The Surprising (Yet Imperfect) Accessibility of San Diego Comic Con

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Going into San Diego Comic Con, I was filled with a mix of apprehension and dread. Last year’s con had been a nightmare in regards to accessibility. And this year, with the many tasks and more responsibilities I had coming into this con, I was sure the week would be a cluster fuck of epic proportions. Surprisingly, SDCC 2017 proved me wrong. Though in no way perfect, this year was a vast improvement on last year’s SDCC and this year’s WonderCon, which are both part of the same organization.

The first noticeable improvement was the staff. A make or break for accessibility at any convention is the knowledge of the staff members working the convention. One staff member knowing where the elevators are, for example, could make or break a disabled attendees experience and help save that vital energy for them to spend on going to a panel or just having extra time to peruse the small press area. Every member of staff I encountered was knowledgeable, helpful, and courteous. I was always directed to the nearest elevator, and all my questions were answered. Being that this year I attended the convention as a professional, the badge process was far less arduous than last year. But even with that change it still was a challenge.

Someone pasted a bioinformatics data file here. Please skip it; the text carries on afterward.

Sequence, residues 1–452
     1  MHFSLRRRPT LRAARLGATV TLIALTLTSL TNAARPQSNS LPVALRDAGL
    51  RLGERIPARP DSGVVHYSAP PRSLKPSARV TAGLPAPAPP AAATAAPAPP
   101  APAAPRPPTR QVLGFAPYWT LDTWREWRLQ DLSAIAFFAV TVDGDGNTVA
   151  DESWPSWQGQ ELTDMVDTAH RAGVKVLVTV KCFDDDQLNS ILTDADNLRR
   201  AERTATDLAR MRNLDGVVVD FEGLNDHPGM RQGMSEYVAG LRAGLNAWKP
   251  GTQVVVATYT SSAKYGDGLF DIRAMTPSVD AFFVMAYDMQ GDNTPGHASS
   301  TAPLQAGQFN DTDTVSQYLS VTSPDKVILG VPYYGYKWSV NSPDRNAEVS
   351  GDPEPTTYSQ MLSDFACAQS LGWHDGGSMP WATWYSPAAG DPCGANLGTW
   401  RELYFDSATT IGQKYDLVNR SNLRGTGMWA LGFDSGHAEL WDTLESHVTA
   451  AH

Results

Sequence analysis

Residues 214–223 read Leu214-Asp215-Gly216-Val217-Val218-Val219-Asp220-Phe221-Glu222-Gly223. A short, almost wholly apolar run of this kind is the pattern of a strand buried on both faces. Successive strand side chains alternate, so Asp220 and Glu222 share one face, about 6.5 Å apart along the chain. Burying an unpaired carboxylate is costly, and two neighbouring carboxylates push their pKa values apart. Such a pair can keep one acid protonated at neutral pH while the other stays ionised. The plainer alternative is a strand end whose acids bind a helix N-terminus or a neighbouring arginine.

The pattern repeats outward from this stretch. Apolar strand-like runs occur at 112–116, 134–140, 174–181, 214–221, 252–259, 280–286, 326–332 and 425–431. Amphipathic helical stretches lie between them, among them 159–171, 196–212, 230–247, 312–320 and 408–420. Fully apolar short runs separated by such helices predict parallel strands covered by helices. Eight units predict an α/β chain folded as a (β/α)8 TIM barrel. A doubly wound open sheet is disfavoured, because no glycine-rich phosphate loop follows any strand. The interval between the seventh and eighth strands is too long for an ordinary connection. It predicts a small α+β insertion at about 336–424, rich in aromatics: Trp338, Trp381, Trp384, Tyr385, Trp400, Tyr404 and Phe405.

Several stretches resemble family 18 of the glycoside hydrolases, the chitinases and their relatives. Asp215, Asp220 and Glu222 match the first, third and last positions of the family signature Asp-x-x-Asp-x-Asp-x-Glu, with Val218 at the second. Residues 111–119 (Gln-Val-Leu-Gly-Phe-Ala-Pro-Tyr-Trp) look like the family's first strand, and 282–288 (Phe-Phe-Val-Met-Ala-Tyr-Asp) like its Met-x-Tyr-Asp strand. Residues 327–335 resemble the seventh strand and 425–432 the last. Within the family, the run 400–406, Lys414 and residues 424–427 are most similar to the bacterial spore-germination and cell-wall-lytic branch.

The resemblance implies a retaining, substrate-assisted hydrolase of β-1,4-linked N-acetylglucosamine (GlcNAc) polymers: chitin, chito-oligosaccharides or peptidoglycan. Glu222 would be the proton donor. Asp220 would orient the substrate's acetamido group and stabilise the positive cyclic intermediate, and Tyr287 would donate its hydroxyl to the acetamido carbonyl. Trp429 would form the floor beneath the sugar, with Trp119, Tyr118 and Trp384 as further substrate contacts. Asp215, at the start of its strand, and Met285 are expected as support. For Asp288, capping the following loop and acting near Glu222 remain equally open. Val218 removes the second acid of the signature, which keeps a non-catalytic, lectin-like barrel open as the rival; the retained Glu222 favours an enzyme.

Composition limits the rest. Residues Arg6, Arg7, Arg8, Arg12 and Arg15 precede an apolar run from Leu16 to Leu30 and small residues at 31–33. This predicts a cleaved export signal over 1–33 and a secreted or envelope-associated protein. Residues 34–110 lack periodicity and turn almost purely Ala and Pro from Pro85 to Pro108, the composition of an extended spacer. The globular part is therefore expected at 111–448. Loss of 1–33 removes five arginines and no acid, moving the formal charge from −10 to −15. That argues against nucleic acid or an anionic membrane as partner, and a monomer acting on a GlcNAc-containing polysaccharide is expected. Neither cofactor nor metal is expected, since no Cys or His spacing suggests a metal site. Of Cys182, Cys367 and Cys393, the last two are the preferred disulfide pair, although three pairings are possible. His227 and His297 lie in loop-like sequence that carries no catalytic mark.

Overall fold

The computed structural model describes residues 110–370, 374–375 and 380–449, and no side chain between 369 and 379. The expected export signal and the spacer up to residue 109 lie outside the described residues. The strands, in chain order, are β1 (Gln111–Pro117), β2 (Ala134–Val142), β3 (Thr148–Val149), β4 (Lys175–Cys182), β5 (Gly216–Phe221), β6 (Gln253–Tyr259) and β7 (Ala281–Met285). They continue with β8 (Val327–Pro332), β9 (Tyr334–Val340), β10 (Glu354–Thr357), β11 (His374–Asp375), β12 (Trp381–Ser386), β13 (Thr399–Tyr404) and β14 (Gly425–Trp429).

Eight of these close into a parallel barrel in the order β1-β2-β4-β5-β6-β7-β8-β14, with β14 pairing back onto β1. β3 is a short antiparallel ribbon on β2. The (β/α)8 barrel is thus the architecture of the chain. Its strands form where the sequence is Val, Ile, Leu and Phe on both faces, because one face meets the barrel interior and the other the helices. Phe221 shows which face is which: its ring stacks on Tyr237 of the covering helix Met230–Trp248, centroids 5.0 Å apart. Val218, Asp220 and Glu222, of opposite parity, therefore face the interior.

The San Diego Convention Center has been the home of SDCC for 26 years, and it is clear that the convention itself has outgrown its home. The badge pick up was moved this year to the Sails Pavilion on the second floor of the convention center. As a wheelchair user, that means I would have to take the elevator to be able to access this space. Once again the staff was gracious enough to point me and my partner to the closest elevator where waiting were several people on motorized scooters, wheelchairs, and walkers. When the elevator opened it was easy to see that there was barely enough room for a small stroller let alone a couple of people with mobility aids. Throughout my four days at the convention the size of the elevators became a growing problem.

At one point I saw a woman on her motorized scooter get stuck in the elevator. Her scooter was wedged in in a way that made it impossible to move no matter how many fifteen-point turns she tried. Staff had to eventually help her out of her scooter and then pull the machine out with force. This becomes a problem when all badge pick up is on the second floor. On Friday the ADA line for disabled attendees to pick up their badges was crazy long. And with the tiny lifts, it would take hours to get all those attendees their badges. I talked to many other disabled attendees about their con experience, and I got mixed answers.

One older man thought the convention was accessible overall, but as an out of town guest he didn’t know he would need to reserve a scooter before hand so he could comfortably get around. He was offered a wheelchair, but because he had no one to push him, he decided to try the convention on foot. He said he had to take a lot of breaks and found it hard at times to find areas in which to do that. But next year he plans on trying to reserve a scooter earlier.